Ken Breuer | School of Engineering, Brown University
Aeromechanics of compliant membranes - from Bat flight to flexible wings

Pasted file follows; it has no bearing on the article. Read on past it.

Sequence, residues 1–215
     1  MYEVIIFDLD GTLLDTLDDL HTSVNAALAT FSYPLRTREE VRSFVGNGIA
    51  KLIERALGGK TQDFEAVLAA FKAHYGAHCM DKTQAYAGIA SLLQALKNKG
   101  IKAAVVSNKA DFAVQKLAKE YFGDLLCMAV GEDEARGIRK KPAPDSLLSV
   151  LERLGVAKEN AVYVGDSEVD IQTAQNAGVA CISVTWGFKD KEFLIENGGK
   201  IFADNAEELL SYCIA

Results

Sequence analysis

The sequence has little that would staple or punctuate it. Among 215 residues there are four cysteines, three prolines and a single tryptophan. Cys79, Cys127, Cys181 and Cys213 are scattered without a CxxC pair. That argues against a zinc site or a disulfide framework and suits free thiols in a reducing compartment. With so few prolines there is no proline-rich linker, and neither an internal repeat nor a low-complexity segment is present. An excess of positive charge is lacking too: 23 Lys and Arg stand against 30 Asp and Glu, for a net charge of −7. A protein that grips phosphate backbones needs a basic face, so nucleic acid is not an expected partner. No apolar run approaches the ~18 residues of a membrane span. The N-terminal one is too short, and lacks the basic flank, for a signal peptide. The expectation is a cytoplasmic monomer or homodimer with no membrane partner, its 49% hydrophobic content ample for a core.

Bats are able to fly with extraordinary agility and maneuverability, partly due to their articulated and highly-compliant membrane wings. These membranes have complex anisotropic hyper elastic properties which can be controlled using embedded muscles that dynamically adjust the wing tension in response to the aerodynamic conditions. Here I will present data from measurements of bats during free flight in a wind tunnel, including measurements of their wing motion, and the role of these tension-controlling muscles. In addition, we have performed a variety of experiments and theory on the behavior of elastic extensible membrane wings that are both fixed and flapping, I will describe how the compliance affects the aerodynamic performance and how, by mimicking the role of the tension-controlling muscles seen in bat wings, we can influence the aerodynamics performance and the vortex shedding on membrane wings at high angles of attack.